Coffees of the Peruvian Andes
WRITTEN BY: Ted Stachura
Although Peru often ranks in the top ten largest coffee producing countries in the world, it is completely overshadowed by its powerhouse neighbors. Ranking numbers one and two in world Arabica production, Brazil to the east and Colombia to the north collectively export seventeen times Peru’s comparatively modest volume. Peru still plays a respectable role however, and not just in terms of the number of bags of coffee produced, but also in the substantial volume of certified organic coffee, as well as in refined specialty flavor profiles. Coffee from Peru also plays an important role at Equator, an origin typically featured seasonally in popular blends like Jaguar Espresso, as well as a delicious single origin offering, such as this year’s Peru Cajamarca.
The name Cajamarca refers to the region in northern Peru where a great deal of the country’s outstanding coffee is produced. For several years now, Equator has focused purchases from this region on two cooperatives, Sol y Café and La Prosperidad de Chirinos. These two quality-minded groups are professionally managed and have programs in place to identify and separate specific lots of coffee that meet our agreed upon sensory and physical specifications. Much of the coffee in Peru is grown by smallholders in high, often remote parts of the Andes Mountains. These high altitudes contribute to the complex and intense flavors that the best coffees from the region exhibit. The typical cooperative member has 5-12 acres under cultivation, they harvest by hand, and they usually process their coffee themselves using small wet mills.
Two of these farmers, brothers Salomon and Andres Bermeo, produced the Peru Cajamarca coffee we are featuring this year. They are members of La Prosperidad de Chirinos which is located in San Ignacio Province, in the northernmost part of the Cajamarca Department, bordering Ecuador. Based on its excellent cup character, their coffee has been selected by the cooperative’s quality evaluation team for the micro lot program. This is the second year in a row Equator has roasted a micro lot from the Bermeo brothers and we hope to continue purchasing coffee from them for years to come. The brothers are in their 30s, young for coffee farmers, and represent the next generation of quality-driven and innovative coffee farmers at Chirinos.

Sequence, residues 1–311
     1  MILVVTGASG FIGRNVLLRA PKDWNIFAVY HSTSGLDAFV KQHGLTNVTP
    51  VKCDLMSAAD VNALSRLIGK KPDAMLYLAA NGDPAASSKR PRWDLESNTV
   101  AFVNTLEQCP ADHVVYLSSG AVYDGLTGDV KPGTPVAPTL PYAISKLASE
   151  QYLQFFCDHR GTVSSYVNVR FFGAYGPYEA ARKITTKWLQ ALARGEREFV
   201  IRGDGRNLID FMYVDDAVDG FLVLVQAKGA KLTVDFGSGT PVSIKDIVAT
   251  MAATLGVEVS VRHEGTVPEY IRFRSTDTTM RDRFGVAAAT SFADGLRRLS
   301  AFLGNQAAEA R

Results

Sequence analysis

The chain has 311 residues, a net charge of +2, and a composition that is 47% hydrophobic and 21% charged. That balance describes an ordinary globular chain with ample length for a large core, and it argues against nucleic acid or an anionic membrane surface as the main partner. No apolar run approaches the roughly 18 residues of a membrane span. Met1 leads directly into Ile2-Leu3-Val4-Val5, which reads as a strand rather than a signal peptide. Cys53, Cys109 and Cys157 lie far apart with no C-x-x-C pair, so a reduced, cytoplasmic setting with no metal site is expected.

All too often in coffee growing communities, and across a range of agricultural activities, young people are moving away seeking new opportunities, and leaving aging parents and grandparents to care for the farms. Chirinos is aware of this issue and has developed programs to train young people in various aspects of coffee production including farming, milling, and grading. The cooperative recognized that the only way to keep young people in the community was to make coffee production a sustainable endeavor. By focusing on high quality coffee production, certifications such as organic and Fair Trade, and diversification, the cooperative is helping nurture a new generation of coffee farmers such as the Bermeos.
Founded in 1968 by just 36 coffee producers, La Prosperidad de Chirinos is among the longest standing cooperatives in the region. Today the cooperative boasts over 700 members and an impressive 75% of their production is certified organic and Fair Trade. Some of the diversification strategies the cooperative supports include livestock, such as their innovative program with sheep. Farmers are provided with two sheep, when the sheep reproduce the offspring are given to new cooperative members. Farmers also are given the opportunity to buy guinea pigs, which reproduce quickly and are an important source of dietary protein. Some farmers have been trained to farm trout and have freshwater ponds on their property, in some cases raising over 1,000 fish all without the use of antibiotics, or chemicals inputs.
As for coffee-related programs, Chirinos has a large coffee evaluation lab with all the needed equipment to assess quality and to provide quality control training to employees and farmers. The cooperative began producing their own organic compost over a decade ago, producing fertilizer made up in part from the pulp of coffee cherries. During the harvest season, when the pulp is being produced, Chirinos can produce over 4,000 bags of fertilizer. This compost facility is just one example of the deep tradition of environmental awareness that is embedded within the community.
Although we do not know when we will be able to travel to Peru again, we can enjoy delicious coffee from Chirinos in the meantime and our longstanding practice of buying coffee from the Cajamarca region will continue. We are thankful for all the hard work and innovation the cooperatives and their member bases devote to producing the high quality coffee we enjoy each winter and spring. We look forward to traveling into the Andes Mountains in the near future, to meet with the Bermeo brothers and thank them in person for the coffee that we roast and share this season.